Unmissable 6th Grade Novels That Every Student Should Dive Into | Mentoring in the Middle

Unmissable 6th Grade Novels That Every Student Should Dive Into

Here are four novels that I think are worth considering for your upper elementary and middle school students.  I read them a few years ago and they still have stayed with me.  Don't miss letting your students read them!

The Skin I'm In

This book was written more than 20 years ago and it's still every bit as relevant today.   

I found it hard to put down.  Maleeka is a dark-skinned, smart, poor girl.  She wears clothes her mom makes (poorly) for her.  When her best friend lends her clothes to wear, she's thrilled.  Until Char asks her to give them back.  In front of a group of kids.  

Into that mix walks a new teacher, Miss Saunders, a well-traveled, intelligent teacher with a big blotch of white on her face.  But she's comfortable in the skin she's in.  And slowly, she teaches her students to accept who they are, too.  Enough so that Maleeka finally decides to be who she is and confront the bullies in her life.

I created a resource for this book here.

The Thing About Jellyfish

Ali Benjamin wrote this book in 2015 and it was a National Book Award Finalist.

Imagine a book told from Suzy's point of view, that includes conversations she has with her deceased friend, Franny.  Mix in some wisdom from Mrs. Turston, Suzy's 7th grade Science teacher, in the form of the stages of a science experiment.  Which are metaphors for Suzy's life.  

Throw in a lot of scientific facts about jellyfish.  And a kid - Suzy - who decides to stop talking.  Add a divorced mom and dad, and a brother with his boyfriend, and you have the makings of a novel that is an interesting read.  

You can read a fuller review of the book here.  And you can find the resource I made for it here.

Finding Langston

"Never really thought much about Alabama's red dirt roads, but now, all I can think about is kicking up their dust.  I miss the hot sun on the back of my neck and how now the racket of cicadas, seems like no sound at all.  At the end of a school day. 'fore I had to get home and do my chores, I could take my time walking just as slow as I pleased without someone pushing past and cutting their eyes like I was a stray dog come asking for scraps." 

You meet the protagonist, grieving his mother after he moved to Chicago in 1946 with his father. Chicago holds nothing for him as far as he's concerned.  School is okay, but there are bullies and lots of kids who call him "Country Boy" for the way he speaks and dresses.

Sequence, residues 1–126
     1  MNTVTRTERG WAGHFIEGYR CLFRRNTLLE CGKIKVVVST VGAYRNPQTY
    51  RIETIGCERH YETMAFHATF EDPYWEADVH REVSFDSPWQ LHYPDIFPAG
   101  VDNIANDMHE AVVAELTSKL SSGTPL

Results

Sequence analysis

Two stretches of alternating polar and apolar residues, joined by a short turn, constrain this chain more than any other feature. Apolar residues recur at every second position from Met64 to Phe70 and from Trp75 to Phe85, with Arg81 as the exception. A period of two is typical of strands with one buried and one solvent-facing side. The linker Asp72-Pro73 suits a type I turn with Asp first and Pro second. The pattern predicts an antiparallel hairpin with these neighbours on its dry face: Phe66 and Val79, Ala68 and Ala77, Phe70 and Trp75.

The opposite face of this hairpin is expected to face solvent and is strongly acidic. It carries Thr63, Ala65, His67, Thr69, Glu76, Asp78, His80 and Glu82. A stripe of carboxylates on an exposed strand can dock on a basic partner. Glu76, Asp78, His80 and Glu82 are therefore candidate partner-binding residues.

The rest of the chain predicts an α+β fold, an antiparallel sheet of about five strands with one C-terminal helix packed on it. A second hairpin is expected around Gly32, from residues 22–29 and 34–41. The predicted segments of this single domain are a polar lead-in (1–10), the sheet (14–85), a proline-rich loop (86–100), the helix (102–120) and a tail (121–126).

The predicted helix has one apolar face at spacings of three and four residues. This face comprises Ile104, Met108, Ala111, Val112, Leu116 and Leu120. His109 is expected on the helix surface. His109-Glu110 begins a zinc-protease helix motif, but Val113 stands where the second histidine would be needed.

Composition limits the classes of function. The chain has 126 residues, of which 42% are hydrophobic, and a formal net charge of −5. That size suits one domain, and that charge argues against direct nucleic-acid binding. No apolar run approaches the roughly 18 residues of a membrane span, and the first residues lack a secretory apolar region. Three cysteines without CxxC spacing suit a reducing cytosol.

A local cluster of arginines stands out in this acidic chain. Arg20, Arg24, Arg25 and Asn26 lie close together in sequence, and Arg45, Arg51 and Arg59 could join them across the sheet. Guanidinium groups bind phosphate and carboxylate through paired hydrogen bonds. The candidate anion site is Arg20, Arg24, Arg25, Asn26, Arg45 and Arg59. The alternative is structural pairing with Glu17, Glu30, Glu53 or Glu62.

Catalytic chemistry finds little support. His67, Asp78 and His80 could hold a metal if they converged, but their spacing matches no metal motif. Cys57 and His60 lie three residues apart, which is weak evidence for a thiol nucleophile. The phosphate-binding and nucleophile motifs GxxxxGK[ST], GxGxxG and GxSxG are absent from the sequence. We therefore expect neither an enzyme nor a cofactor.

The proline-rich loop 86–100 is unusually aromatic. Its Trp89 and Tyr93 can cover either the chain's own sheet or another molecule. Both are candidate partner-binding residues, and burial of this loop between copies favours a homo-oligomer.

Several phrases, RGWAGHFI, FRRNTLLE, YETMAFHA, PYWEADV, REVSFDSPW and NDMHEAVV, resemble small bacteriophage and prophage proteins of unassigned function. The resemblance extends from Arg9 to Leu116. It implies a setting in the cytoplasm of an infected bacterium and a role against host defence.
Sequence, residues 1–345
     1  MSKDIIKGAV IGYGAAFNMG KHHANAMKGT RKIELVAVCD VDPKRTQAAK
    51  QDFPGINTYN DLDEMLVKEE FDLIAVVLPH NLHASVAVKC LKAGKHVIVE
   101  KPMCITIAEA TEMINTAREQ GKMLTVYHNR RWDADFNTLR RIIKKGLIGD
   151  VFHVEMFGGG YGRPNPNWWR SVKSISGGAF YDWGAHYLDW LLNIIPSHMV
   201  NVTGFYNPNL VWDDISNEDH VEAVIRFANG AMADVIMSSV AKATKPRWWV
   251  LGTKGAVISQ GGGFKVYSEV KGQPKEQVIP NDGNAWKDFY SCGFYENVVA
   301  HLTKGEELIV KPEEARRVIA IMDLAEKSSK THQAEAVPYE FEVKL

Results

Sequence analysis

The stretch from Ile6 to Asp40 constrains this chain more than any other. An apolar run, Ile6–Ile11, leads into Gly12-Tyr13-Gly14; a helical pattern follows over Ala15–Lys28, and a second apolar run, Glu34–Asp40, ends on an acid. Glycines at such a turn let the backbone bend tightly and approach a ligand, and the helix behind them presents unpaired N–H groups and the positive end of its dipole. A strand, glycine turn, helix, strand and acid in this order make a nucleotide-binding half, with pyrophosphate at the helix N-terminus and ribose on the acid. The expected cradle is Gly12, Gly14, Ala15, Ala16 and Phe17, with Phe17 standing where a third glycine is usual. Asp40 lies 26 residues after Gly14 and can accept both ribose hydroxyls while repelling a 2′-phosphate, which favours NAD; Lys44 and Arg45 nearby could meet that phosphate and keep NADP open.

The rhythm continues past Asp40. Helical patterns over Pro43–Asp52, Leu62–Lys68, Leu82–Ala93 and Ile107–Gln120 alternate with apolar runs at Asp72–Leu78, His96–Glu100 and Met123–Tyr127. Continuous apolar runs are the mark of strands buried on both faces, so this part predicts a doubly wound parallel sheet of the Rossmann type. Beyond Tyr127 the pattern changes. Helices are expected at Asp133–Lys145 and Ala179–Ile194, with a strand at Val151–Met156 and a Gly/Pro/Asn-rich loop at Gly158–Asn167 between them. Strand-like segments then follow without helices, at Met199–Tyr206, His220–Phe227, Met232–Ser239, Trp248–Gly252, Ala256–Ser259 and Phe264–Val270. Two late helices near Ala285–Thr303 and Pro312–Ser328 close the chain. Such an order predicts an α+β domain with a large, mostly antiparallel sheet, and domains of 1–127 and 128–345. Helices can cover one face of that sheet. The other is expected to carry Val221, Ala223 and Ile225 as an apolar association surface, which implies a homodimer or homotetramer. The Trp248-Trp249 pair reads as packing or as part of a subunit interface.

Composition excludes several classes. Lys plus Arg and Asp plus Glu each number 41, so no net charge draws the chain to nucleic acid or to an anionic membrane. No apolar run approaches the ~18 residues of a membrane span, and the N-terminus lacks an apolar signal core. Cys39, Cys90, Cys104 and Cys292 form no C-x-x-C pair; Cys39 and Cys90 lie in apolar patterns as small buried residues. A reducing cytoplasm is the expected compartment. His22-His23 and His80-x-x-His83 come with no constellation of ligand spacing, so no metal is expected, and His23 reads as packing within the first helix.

It is only when he runs from those bullies and gets lost that he discovers a branch of the Chicago Public Library.  And his world opens up in a way he never imagined.

You can read the rest of the review here.  And see the resource I created here.

The War that Saved My Life

When England first realized that London would face bombings by the Nazis in 1939, the government made an effort to move women and children, and later, just children out to the country where it was safer.  Teachers were recruited to "do their duty to country" by escorting classes as though they were going on a field trip, and staying with them until they were all taken in by new families.

Ada - born with a club foot and hated by her mother for it - runs away with her brother Jamie to be part of the evacuation.  Standing in the room waiting to be chosen, she and Jamie end up not being selected.  So they are taken to a home where Susan Smith is told to do her civic duty by taking them in.

But Susan knows nothing about raising children.

And yet, somehow, she sees in Ada what no one else did.  And slowly, but surely, Ada learns to give herself the grace to live into who she was meant to be.

You can read the full review of that book here.  The resource for this book is here.

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